Meaning of Panocha

What is Panocha:

Panocha is a word that has different meanings, especially depending on the geographical region where we are. It can refer to an ear, a sugarcane sweet, a sweet bread, an empanada, the female genital organs, or it can be a way of referring to what belongs to the region of Murcia, in Spain.

The word, as such, comes from vulgar Latin panucŭla, which in turn is derived from Latin panicle, diminutive of the Latin word panus, which means 'ear of thread'.

In this sense, the Spanish designate the ear as a corncob, be it corn, panizo or millet.

Likewise, in Spain, panocha or panocho is an adjective used to refer to that which belongs to or is related to Murcia. By extension, this is also how the inhabitants of Murcia and their dialect are called.

In Latin America, for its part, panocha also means different things.

In Mexico, for example, more specifically in the northwest of the country, it is known as panocha al piloncillo, that is, the ground and processed sugarcane sweet, with which conical loaves are made for sale. The most famous ears are those of the town of Guadalupe de Ures, in the state of Sonora. As such, ears are used for the preparation of various desserts, such as coyota, sweet pumpkin with honey, pipitorias, etc.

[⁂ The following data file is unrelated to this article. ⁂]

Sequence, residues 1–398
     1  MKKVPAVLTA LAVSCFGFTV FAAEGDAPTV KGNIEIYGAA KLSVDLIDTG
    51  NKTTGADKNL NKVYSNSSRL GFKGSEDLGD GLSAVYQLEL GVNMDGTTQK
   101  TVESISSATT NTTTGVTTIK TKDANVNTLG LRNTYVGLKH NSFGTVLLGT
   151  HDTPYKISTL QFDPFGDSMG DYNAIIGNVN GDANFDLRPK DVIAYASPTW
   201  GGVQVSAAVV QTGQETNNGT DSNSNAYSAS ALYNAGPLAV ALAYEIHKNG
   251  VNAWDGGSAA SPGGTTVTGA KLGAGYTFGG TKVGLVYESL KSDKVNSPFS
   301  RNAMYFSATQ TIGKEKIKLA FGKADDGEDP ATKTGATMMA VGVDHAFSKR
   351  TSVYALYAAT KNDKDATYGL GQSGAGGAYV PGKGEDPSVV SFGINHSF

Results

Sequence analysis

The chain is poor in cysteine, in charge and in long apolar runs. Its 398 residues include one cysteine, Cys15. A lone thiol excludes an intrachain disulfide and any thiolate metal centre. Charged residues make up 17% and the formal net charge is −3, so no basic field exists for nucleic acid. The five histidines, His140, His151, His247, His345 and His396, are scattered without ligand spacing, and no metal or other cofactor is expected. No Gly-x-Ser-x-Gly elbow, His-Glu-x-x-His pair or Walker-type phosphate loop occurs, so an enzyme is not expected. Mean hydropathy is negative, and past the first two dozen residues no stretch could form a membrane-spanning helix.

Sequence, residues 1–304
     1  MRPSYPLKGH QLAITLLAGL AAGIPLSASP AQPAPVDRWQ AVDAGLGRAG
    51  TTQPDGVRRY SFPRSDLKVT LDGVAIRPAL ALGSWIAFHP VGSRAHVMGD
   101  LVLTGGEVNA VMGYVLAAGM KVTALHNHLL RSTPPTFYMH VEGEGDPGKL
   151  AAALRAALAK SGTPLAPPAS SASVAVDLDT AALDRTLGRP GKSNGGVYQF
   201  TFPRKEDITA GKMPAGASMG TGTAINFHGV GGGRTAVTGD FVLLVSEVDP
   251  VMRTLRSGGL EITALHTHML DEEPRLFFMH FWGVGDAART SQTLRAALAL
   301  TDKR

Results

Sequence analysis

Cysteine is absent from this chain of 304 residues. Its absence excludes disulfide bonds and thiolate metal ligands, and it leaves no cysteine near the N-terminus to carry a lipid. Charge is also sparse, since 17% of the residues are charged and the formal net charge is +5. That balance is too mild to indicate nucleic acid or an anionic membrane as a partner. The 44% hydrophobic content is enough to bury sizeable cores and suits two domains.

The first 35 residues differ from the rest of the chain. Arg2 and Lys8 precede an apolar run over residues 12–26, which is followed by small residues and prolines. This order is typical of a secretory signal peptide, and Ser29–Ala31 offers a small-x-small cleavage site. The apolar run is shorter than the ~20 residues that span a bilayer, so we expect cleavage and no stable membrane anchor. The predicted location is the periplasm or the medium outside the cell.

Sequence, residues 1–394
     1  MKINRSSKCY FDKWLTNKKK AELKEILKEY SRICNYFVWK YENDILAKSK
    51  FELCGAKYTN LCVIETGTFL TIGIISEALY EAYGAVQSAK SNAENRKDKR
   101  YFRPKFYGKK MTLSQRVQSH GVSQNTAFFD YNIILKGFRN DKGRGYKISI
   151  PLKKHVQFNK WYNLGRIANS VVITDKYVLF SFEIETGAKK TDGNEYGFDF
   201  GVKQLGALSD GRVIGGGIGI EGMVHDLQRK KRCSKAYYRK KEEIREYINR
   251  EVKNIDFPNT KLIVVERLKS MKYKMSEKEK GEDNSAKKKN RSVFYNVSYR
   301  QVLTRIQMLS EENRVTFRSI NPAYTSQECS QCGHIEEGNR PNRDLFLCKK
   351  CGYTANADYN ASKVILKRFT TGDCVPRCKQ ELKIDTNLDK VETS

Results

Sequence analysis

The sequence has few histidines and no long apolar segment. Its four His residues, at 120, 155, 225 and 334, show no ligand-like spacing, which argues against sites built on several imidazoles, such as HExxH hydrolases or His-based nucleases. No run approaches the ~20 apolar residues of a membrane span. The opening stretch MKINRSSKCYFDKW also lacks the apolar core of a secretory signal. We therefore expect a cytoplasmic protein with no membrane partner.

For its part, in the United States, more precisely in the state of New Mexico, the panocha is a type of dessert made from sprouted wheat and brown sugar, and is traditionally eaten during Lent.

In Colombia, the panocha is a sweet bread made with wheat flour, sugar and fat, which is filled inside with a sweet made from a mixture of sugar, coconut and cheese. It is typical of the Colombian coast.

In Costa Rica, a panocha is an empanada, made up of bread dough and stuffed.

In the rest of the Latin American countries, from Mexico, through Central America and the Caribbean, and including countries in South America, such as Colombia, Venezuela, Peru and Chile, panocha is a name colloquially given to the female genital organ.

An example of its use is found in this passage of the novel A Chronicle of a Death Foretold, by Colombian Gabriel García Márquez, Nobel Prize in Literature: “He grabbed my whole pussy,” Divina Flor told me. It was what I always did when I was alone in the corners of the house, but that day I did not feel the usual scare but a horrible desire to cry ”.

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